— Posted by drybilgeltd on 10:52 am on Mar. 15, 2002



Quote: from Zambosan on 1:37 am on Mar. 14, 2002
Drybilgeltd:he’s *not* going to get the meter to read zero!!! The only way to do *that* is to not consume any power, or like you said, supply power to the power company. That’s not “getting free power”, which is what the lousy text file he’s reading is trying to convince him he can do. If he had a purely reactive circuit, composed of ideal capacitors (which are a convenient model for lumped-element analysys, and don’t actually exist), the power factor would be zero ( cos(pi) ), and he would be consuming no power. Any real circuit, however, is going to have some finite resistance, which translates into a positive value along the Real axis. Regardless of the Imaginary (reactive) value, you’re never going to reach a phase angle of +/- pi, so you’ll always be dissipating power somewhere in the circuit.

He shouldn’t be using an electrolytic in the first place for a purely AC circuit, as the polarity is going to be incorrect exactly 1/2 the time; to use an electrolytic, you need to make sure the DC bias is high enough to prevent signal excursions below zero volts. Anways, an electrolytic cap that gets reverse biased at that high of a margin over its rated voltage will usually “pop” a lot quicker than a resistor will burn, since the dielectric, which is a light oil, boils at a pretty low temperature and the cans are hermetically sealed.

In conclusion, no selection of components is going to do what you want it to do, unless you buy a Honda generator and plug its output into the grid. :biggrin:

Oh yes, and the Real axis for complex frequency domain analysis is drawn along the X axis, not the Y.

(Edited by Zambosan at 9:39 am on Mar. 14, 2002)


 Zambosan: In your post you have made mention of a light oil being used as the dielectric in electrolytic capacitors. Go back to your text books and you will find the dielectric to be aluminum oxide on an aluminum plate ( this plate is one electrode ) and the other electrode is the electrolyte, an second aluminum plate is used simply to make connection to the electrolyte. Most books do not mention what chemical is used for the electrolyte, but after a lot of digging I found it, Aluminum Borate.  If you are familiar with Water Barrel Rectifiers, One plate is Aluminum and the other is Lead,  using a solution of Sodium Tetraborate  ( Borax ) or Sodium Bicarbonate ( Baking Soda ) for the electrolyte. When first hooked up to AC it will conduct in both directions. After a while an oxide film developes on the aluminum and then you have rectifier. I made these when I was a child for a 6 volt car battery charger with a 150 watt Lionel train transformer. The ectrolytic cap you were refering to is a polarized type and you are right that it will die. But the resistor will burn up for a safety fuze effect, many circuits do it this way for a cheep fuze ( in quanity a 1/2 watt resistor cost about 2 cents in American money ).  Non Polar electrolytics have an oxide film on both aluminum plates to work on AC, motor starting caps and speaker crossover networks. Oil filled caps are used for motor run and across the line for power factor correction applications, they will handle their full ac voltage at 60 HZ. In some electronic circuits two polar caps ( of same value ) will be wired back to back in series to handle AC voltages ( but not recomended by me ). There are Tantalum electrolytic caps that use sulfuric acid for the electrolyte but that is not the caps we are dealing with. My comment to dray a circle was just to give a picture. I did not intend to get into Smith charts for incident power verses relected power and transmission line losses, which is way off the thread topic.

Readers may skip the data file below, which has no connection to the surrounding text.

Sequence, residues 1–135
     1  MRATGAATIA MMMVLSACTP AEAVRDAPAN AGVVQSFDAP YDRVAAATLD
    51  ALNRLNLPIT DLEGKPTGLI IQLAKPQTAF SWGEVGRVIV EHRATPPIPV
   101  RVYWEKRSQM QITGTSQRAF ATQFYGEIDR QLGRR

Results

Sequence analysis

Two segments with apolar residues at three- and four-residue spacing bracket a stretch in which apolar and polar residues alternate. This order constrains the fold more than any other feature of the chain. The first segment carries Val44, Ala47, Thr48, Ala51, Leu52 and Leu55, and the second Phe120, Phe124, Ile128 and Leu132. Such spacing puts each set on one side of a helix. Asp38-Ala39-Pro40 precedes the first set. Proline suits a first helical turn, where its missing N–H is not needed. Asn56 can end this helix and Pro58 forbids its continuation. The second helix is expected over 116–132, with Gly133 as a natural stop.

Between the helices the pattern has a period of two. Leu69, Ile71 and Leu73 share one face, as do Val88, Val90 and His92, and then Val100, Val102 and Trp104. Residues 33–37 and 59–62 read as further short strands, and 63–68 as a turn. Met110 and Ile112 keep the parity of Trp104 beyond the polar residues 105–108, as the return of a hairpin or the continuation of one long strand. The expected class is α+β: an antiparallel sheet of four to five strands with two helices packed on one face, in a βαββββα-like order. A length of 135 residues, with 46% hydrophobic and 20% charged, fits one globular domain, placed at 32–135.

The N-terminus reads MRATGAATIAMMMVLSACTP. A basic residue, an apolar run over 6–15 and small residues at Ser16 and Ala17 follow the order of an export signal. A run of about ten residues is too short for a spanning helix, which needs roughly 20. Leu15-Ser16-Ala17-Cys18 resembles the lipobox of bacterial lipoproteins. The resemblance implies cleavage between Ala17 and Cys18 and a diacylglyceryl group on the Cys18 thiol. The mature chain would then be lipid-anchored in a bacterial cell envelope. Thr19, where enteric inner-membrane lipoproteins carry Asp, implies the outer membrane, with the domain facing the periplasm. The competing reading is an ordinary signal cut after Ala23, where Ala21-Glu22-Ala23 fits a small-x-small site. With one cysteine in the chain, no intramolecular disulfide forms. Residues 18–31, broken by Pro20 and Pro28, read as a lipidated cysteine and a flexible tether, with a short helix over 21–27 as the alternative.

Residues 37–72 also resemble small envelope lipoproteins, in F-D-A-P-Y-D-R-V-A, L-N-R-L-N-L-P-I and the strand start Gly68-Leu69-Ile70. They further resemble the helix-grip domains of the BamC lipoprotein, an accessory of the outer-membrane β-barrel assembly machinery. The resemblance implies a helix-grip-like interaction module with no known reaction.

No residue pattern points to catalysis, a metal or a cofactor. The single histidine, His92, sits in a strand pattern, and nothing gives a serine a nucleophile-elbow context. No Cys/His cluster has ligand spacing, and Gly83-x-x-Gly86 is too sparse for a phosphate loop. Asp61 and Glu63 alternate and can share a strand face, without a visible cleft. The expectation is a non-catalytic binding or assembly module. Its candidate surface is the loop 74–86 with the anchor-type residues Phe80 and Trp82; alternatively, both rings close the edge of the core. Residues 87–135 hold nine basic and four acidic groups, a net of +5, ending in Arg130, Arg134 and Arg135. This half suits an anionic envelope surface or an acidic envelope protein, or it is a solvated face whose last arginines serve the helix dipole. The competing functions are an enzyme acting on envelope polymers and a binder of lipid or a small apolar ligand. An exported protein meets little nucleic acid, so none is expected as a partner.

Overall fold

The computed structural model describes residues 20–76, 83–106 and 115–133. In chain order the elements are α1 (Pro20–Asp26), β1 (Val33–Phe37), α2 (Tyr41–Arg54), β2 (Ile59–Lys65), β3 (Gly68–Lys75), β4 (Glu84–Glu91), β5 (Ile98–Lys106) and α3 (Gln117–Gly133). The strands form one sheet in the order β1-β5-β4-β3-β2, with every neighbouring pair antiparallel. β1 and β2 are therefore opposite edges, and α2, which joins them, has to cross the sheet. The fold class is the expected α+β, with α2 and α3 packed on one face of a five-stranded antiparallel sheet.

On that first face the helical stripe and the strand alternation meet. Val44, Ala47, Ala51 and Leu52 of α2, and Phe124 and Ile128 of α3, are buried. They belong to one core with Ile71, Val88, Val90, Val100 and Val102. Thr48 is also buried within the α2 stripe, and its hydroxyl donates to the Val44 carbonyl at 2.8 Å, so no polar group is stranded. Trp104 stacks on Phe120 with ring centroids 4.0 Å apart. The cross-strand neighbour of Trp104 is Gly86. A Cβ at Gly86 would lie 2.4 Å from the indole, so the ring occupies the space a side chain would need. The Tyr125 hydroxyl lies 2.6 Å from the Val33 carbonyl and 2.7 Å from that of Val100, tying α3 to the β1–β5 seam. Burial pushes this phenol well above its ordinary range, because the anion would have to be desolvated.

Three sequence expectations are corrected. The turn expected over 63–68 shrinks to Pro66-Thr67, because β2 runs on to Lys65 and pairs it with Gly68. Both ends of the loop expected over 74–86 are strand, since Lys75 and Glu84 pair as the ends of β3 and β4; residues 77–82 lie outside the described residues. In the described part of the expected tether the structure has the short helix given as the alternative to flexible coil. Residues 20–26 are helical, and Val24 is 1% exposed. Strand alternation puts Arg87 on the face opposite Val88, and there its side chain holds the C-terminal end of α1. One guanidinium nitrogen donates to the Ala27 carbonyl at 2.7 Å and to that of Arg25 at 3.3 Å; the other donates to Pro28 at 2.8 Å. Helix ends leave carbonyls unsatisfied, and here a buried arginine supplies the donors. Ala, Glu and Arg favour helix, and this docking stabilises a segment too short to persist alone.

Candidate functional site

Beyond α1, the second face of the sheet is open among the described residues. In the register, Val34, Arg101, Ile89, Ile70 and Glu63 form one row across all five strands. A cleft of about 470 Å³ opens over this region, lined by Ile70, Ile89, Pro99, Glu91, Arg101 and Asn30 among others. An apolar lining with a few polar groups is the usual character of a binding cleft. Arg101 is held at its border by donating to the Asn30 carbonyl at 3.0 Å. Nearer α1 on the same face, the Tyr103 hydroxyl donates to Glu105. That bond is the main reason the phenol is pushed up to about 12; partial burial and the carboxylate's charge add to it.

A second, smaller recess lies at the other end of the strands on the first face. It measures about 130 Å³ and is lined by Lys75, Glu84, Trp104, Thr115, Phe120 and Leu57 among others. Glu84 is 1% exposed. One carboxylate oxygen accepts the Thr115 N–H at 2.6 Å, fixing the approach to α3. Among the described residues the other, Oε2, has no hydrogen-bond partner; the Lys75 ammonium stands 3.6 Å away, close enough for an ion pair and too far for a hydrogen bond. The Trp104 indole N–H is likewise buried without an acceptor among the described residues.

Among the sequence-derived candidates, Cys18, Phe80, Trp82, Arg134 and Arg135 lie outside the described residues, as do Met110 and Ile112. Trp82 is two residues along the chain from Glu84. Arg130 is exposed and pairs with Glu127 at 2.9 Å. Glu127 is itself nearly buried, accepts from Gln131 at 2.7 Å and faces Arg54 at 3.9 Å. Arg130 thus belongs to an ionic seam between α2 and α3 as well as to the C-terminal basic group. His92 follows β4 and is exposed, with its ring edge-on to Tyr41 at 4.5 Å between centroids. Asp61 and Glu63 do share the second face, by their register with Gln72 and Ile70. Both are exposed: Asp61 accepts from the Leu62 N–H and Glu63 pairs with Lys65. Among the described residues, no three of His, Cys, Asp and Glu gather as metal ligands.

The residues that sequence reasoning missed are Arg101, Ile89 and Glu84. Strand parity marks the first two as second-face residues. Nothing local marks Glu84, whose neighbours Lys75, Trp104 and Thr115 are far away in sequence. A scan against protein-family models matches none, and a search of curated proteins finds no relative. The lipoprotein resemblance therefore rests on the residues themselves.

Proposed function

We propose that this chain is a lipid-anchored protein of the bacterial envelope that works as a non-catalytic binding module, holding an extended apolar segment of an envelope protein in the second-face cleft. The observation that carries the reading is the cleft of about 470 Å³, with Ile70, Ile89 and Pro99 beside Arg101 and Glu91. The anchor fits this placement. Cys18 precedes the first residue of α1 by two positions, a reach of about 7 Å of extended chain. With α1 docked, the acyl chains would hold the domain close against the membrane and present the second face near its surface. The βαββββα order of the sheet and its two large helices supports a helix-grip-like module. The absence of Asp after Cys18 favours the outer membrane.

Respectfully Drybilgeltd


— Posted by Zambosan on 1:54 pm on Mar. 18, 2002

Correct, the electrolyte itself is not the main dielectric component, although it does possess some dielectric properties.  Older electrolytics used to contain an oil containing poly-chlorinated biphenyls, but those have been retired for environmental reasons, so that part of my post was indeed incorrect.  However, the thrust of my post was that all the electrical theory is probably confusing the crap out of the original poster, and gives the appearance that the circuit can indeed get your meter to read zero, all you have to do is select the right components.  Which isn’t true at all.


— Posted by ActionTimedDeath on 11:38 am on Mar. 19, 2002

The older style meters with a spinning disc (in the UK anyway) can be cheated by turning them on their sides!


— Posted by balor on 3:30 pm on Mar. 19, 2002

Thats right Actiontimedeath.The meter even reads less if it is tilted in any direction at a minimum of 10 degrees.


Leave a Comment

Scroll to top